Personally, rather than getting a whole new camera, I'd get a new lens, a faster one. Just being curious, what lens/lenses are you using with the Canon Rebel? I can see that your 55-200mm is quite slow, it has an f/4 aperture at it's widest, and an f/5.6 at it's longest zoom.
Let me explain something so you can understand what I'm talking about. A fast lens is a lens that has a large aperture. Large apertures are equal to smaller f numbers, I'm pretty sure you've seen something in your lens like this: f/4-5.6. That is the f number or aperture. Fast lenses can let more light in and consequently lead to faster shutter speed which can get you sharper photos. One thing to consider is that the depth of field (DOF) is reduced, this is the amount of stuff that will be in focus. Let me explain.
Just a small note, this is probably inaccurate, but it's just to demonstrate. If you focus in the same place, when you have your lens at f/5.6, your DOF is 2 meters front to back of what will be in focus, but if it's in f/2.8, only 50cm will be in focus.
Let me explain differently, probably more clearly. Imagine you have a large ruler starting at the end of your lens and extending forever. Imagine you focus at the 50cm mark. When you have your lens at f/5.6, you will have from the 25cm mark up to the 80cm mark in focus, but if you have it at f/2.8, you will only have from the 40cm mark up to the 65cm mark in focus, and if you have it at f/1.4, you will only have from the 45cm mark up to the 55cm mark in focus. This is imprecise, but it's a general idea of how aperture affects your DOF.
Another aspect to consider is getting a lens with IS (or in Nikon lenses, this is known as VR). This is basically a motor (I think) inside the lens that compensates for the movement of your hands to get sharper shots. In my experience, IS or VR is VERY helpful, it has allowed me to get sharp shots in really dark environments.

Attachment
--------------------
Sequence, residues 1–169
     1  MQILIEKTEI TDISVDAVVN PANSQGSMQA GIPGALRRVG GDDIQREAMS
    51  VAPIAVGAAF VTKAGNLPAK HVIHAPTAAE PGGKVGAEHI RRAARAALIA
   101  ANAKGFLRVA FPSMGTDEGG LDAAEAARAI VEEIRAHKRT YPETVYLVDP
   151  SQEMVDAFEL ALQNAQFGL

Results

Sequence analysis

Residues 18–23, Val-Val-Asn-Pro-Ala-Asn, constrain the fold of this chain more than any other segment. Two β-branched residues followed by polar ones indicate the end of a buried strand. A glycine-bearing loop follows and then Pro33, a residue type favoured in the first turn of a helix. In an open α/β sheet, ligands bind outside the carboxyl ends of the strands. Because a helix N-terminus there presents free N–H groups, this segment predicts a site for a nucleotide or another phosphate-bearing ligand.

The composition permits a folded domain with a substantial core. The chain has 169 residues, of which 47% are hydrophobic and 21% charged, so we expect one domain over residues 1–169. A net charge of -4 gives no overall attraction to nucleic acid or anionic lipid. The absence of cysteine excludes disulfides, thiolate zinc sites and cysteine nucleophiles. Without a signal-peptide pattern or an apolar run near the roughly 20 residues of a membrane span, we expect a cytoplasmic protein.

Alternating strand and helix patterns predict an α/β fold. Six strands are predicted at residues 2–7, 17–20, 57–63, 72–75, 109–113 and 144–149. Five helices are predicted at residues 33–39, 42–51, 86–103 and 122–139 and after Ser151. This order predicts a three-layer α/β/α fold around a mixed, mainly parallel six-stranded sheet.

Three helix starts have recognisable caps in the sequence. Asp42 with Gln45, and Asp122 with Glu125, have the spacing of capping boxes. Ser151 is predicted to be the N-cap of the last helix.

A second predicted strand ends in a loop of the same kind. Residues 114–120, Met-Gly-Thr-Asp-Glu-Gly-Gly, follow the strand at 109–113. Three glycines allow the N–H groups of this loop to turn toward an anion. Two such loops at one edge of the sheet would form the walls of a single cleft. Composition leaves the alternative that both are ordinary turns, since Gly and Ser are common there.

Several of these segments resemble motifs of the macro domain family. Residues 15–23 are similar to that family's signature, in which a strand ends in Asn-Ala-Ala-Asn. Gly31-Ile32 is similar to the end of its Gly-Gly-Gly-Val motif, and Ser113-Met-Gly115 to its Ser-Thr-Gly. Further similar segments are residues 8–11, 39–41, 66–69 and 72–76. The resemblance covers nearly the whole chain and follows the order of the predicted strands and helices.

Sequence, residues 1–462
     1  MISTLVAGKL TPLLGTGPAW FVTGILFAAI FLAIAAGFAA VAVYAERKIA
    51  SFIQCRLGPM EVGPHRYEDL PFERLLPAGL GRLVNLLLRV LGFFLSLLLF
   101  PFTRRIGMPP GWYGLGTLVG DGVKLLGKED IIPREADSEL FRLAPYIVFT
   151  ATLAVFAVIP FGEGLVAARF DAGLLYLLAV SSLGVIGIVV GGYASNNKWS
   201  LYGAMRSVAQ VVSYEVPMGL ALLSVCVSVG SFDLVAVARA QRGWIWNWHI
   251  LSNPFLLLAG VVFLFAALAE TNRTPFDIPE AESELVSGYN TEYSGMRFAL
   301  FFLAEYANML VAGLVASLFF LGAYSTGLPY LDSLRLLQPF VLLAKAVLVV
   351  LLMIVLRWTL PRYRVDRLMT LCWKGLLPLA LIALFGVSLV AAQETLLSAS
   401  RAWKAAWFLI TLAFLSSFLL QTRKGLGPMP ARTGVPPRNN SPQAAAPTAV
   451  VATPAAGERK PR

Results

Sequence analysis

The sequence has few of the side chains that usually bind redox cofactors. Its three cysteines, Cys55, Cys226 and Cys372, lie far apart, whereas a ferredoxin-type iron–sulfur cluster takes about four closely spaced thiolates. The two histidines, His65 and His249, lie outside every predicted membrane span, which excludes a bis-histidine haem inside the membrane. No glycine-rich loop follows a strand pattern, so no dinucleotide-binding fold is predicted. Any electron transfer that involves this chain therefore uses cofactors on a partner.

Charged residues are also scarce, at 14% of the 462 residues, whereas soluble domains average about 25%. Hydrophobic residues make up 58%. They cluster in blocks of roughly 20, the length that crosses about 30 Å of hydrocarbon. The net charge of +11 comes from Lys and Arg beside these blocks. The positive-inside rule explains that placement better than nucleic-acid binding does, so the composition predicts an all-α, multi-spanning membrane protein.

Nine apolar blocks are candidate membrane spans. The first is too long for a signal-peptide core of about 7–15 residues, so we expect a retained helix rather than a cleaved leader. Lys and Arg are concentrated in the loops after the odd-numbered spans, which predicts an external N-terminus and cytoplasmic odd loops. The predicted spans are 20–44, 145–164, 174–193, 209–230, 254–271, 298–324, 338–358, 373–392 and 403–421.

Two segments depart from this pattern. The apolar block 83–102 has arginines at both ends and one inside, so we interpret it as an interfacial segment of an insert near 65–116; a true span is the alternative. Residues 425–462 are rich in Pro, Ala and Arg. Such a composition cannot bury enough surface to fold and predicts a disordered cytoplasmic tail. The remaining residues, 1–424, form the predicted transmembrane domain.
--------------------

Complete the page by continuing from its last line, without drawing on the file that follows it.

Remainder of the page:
Now let's recap. To get a faster shutter speed, you need a faster lens, that means, a lens with a smaller f/ number. This reduces your DOF, so be careful with moving objects. Another thing worth mentioning is that lenses with faster apertures are usually bigger, heavier and more expensive. Also IS or VR will help a lot, but this also adds up to the price and weight.
If you still get blurred pictures with a fast lens, you might need to upgrade your camera to be able to bump up the ISO a little higher without introducing so much noise.
In case you don't understand ISO or noise, let me explain. ISO is the sensitivity of the camera when you take a picture. ISO starts in most cameras, at 100 ISO, and it doubles itself in this fashion: 200 ISO, 400 ISO, 800 ISO, 1600 ISO, 3200 ISO, and so on and so forth. Each increment of these is one light stop, and it helps so you can get faster shutter speeds. Shutter speeds increment in 1 light stop as well, so if you start with a shutter speed of 1/8 of a second and 100 ISO, which will probably get you a blurred shot, when you increase the ISO to 200, the shutter speed increases to 1/15 of a second. So when you get your ISO to 400, your shutter speed is 1/30, and with ISO 800 it will be 1/60, and with ISO 1600 it will be 1/120. At this point, you'll probably get a sharp picture as long as you have steady hands (or IS), but here is where noise comes in. When you increase ISO, small colored dots start appearing, especially in dark areas of the picture. This is known as noise. Better cameras often have less noise at higher ISOs, and cameras with larger sensors will give you better results. Cameras with large sensors are known as full-frame cameras.
_________________Gear: Canon SX20 IS, Canon Rebel T3i, Canon EF-S 18-55mm
Wishlist: Canon 50mm f/1.8 II, Canon EF-S 55-250mm f/4-5.6 IS II
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